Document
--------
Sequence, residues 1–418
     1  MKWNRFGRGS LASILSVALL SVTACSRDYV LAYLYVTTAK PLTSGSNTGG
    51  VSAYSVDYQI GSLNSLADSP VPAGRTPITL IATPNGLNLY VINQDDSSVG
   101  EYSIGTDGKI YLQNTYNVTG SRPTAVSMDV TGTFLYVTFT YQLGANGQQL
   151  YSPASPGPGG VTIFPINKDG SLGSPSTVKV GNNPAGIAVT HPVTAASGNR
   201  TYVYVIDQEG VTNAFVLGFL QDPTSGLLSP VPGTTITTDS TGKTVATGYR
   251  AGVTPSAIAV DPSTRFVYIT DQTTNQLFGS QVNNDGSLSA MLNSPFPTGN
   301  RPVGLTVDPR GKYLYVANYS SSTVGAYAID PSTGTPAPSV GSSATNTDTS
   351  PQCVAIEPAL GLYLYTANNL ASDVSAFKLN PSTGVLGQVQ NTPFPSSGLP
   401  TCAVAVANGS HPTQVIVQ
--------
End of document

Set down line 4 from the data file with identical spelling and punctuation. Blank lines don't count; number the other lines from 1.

   101  EYSIGTDGKI YLQNTYNVTG SRPTAVSMDV TGTFLYVTFT YQLGANGQQL